Professional Student is Not a Bad Thing

Cloistered and lost in their esoteric inquiries, professors generally imagine students share their passion for their subject matter, so that hours of dedicated study ought to come almost as naturally as breathing. Out of the ivory tower and down in the real world, college students understand that command of any subject lasts only until the minute after the final exam ends, and grades are the real currency of the academic economy. “Professional students,” the ones who make it their business to excel in college, plan and manage their study according to the requirements of exceptional performance, stressing, “If you’re not at college to kick some academic butt, then you may as well not be in college at all.” They seldom wrestle with motivational issues or self-doubt; they just do it. College valedictorians routinely say they took their performance as a matter of pride, character, and integrity, so that they seldom faced questions about how to get motivated. Pressed on the point, however, college valedictorians typically advise…

Turn pro.

Face the cardinal fact of your college life: For the duration of your academic career, college is your job; and that part-time thing you do off-campus is just a hobby with a paycheck. Moreover, if you are enrolled full-time in classes, you ought to devote at least forty-five hours to studying every week. Add ten hours per week according to your university’s prestige; at Harvard and Berkeley, therefore, expect to study between sixty and seventy hours each week. “Turning pro” means setting a schedule according to your daily rhythms and practical obligations; and it means following that schedule as dutifully as you would comply with an employer’s schedule. Esperanza Canez, former valedictorian and now a psychotherapist, says, “The rules don’t change according to your mood. Although it's intensely personal, it's not an emotional thing. The top student in your class is studying whether she likes it or not, and she is challenging herself to ‘own’ the material.”

Manage your time, tools, talent, and tasks.

Make cold-hearted practical decisions about priorities, and balance short-term desires against long-term objectives. For example: You love “Introduction to Human Sexuality,” and you loathe “Advanced Organic Chemistry”; but organic chemistry determines your admission to medical school, and the scientific study of human sexuality serves simply as your spring semester infatuation. You know you must invest the majority of your effort, the best of your talent, and most of your time in perfecting the subtleties of “the oxidation reaction.” Therefore, study “O-chem” early in the day when you are fresh, and use every study tool and mnemonic device known to humankind as you master Nature’s molecular mysteries. You know you will score good grades in “sex class” simply because you are interested and engaged. O-chem requires hard work.

Match the method to the material.

First, develop “reading flexibility”: You do not read a classic work of literature in the same way you read a textbook. Textbooks are designed for your use of the old “SQ3R” study method; use it. Far more importantly, however, treat every study session as preparation and rehearsal for a test. Your professors want to see what you can do with your knowledge. Therefore, structure your study sessions according to the demands of your tests; and, at the end of each study session, test yourself more or less the way your professor will test you in class. Moreover, you must toughen-up: As you check your results, be brave enough to assess your performance honestly. If you really didn’t get it, then you know you must go back and do it again.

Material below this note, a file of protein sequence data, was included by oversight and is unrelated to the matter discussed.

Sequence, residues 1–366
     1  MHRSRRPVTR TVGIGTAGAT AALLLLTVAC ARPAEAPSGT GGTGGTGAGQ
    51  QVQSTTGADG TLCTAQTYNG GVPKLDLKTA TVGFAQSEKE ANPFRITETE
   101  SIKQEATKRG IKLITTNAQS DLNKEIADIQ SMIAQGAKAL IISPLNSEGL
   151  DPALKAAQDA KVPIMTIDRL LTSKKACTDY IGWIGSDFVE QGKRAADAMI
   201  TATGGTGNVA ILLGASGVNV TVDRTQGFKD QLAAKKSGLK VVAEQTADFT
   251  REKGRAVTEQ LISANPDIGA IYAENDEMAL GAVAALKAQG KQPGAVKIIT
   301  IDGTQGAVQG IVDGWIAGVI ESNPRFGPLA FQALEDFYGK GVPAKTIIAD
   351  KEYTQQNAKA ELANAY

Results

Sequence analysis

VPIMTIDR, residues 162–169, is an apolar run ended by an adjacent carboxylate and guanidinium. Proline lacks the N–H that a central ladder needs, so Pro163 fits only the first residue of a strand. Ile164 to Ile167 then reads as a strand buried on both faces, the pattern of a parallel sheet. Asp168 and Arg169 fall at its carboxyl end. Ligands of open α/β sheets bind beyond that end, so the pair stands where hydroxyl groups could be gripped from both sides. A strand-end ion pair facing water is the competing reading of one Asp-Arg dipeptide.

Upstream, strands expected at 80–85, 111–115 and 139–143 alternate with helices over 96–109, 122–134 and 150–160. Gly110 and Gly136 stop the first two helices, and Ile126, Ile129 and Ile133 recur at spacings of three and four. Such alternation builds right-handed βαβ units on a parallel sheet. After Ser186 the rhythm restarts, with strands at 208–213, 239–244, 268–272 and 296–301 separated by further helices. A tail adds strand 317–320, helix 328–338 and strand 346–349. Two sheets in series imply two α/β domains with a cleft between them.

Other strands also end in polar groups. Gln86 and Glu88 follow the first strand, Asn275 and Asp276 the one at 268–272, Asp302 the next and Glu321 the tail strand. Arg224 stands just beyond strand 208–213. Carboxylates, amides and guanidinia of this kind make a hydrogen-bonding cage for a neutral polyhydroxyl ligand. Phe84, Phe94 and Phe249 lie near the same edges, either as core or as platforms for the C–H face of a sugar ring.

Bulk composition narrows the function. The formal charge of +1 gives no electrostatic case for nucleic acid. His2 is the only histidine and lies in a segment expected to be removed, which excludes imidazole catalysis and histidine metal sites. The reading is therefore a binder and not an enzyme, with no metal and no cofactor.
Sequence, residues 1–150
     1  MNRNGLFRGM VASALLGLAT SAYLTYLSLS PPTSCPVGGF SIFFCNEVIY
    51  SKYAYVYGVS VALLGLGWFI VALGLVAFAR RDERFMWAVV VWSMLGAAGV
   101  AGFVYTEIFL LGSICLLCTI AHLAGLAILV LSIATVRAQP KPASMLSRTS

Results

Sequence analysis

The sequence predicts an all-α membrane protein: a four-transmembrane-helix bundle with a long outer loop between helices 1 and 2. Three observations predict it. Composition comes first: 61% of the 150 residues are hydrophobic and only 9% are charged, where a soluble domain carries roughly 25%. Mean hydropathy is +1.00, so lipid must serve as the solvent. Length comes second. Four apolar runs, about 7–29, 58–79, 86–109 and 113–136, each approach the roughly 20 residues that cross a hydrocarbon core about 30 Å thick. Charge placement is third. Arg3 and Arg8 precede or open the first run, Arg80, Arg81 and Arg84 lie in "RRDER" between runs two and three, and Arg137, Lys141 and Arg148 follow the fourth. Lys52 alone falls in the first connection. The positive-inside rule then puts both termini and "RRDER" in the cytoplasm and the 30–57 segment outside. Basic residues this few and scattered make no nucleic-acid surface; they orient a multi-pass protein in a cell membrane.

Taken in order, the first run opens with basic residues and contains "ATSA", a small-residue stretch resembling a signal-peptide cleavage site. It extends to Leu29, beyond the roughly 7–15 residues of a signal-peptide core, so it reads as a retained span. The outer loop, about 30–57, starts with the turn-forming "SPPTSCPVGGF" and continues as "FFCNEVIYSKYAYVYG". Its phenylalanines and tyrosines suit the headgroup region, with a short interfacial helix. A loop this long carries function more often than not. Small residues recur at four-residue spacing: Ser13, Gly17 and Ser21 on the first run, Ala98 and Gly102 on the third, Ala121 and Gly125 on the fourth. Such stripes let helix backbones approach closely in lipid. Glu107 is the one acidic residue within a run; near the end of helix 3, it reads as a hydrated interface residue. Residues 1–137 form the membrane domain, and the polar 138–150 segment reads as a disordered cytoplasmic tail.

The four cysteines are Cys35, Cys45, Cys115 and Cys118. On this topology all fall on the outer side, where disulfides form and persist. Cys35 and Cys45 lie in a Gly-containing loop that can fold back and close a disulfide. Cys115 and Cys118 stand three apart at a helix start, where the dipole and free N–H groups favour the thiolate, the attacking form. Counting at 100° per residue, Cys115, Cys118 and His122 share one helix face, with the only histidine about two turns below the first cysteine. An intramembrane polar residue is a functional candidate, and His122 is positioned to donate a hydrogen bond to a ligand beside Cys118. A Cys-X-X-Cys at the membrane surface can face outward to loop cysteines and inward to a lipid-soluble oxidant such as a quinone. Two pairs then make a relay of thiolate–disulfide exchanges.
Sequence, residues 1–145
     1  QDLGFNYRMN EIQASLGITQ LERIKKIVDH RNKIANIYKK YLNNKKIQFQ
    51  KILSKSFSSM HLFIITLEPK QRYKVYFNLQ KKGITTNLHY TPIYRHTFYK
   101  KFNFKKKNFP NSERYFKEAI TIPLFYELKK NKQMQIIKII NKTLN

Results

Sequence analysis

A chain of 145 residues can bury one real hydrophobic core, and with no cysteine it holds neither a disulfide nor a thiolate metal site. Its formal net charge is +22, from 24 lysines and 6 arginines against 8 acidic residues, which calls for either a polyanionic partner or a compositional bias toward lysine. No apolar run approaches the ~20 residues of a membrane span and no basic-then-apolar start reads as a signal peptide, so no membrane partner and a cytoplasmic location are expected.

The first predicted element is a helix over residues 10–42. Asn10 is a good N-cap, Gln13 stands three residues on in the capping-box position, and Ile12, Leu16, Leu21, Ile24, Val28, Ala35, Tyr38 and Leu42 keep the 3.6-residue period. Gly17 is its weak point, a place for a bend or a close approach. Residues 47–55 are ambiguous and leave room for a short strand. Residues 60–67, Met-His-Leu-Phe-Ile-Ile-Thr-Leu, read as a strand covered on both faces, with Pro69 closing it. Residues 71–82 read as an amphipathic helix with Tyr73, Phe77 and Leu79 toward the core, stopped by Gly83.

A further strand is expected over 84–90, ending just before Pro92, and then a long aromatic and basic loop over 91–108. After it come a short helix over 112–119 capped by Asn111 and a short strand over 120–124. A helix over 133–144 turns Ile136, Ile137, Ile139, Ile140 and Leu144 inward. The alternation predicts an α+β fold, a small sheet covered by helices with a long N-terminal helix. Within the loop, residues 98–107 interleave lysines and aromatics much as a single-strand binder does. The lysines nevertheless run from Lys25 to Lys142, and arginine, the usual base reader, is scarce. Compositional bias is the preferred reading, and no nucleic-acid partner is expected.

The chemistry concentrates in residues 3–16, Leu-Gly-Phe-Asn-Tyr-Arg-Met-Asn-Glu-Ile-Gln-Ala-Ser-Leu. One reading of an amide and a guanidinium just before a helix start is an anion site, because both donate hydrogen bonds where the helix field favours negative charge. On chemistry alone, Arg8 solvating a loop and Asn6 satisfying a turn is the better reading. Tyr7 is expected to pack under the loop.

Study in two-hour blocks.

Then play. Cognitive psychologists say artificial intelligence mimics the real thing. As you write, compute, or develop code on your computer, if you do not save and back-up your work at least every two hours, you risk of losing everything; the same applies to your brain. If you do not allow your brain sufficient time for processing new information and integrating it with your prior knowledge, you risk confusion or forgetting. You must take a break every two hours, and “break” is a word which here means getting up, moving around, and looking at something other than your desk or your books. In fact, “break” really means “do something you really like. Flirt, watch television, take a long walk. Play!” Psychologists stress, however, you must time your breaks as scrupulously as you time your studies; if you stay away from your work for more than half-an-hour, you probably will have to begin all over again.

Develop a healthy system of incentives and rewards.

In other words, bribe yourself. Allison Newman, Arizona State alumna summa cum laude, confesses, “I rewarded every successful study session with a boyfriend chat, and I rewarded every ‘A’ with a new outfit. Funny thing: the more I missed my boyfriend, or the more I wanted an outfit, the better I did.”

Jennifer Hacker, an instructor at Ashford University, advises, “If you really are struggling with motivation, you must take it as a symptom of a deeper problem. Either you have chosen the wrong class, or you have selected the wrong major, or you are generally exhausted and depressed. No one ever will say that study is ‘fun’, but it should be rewarding in its own way.” Professor hacker routinely advises struggling students to meet with their advisors and work through the obstacles to their success.

Peter Harrington is a career counselor and content contributor for Topcollegesonline, a great source of top online colleges and information on expanding your education — from obtaining a pharmacy degree to how to become a veterinarian.

Categories: College Life   Tags: professional student, what is a professional student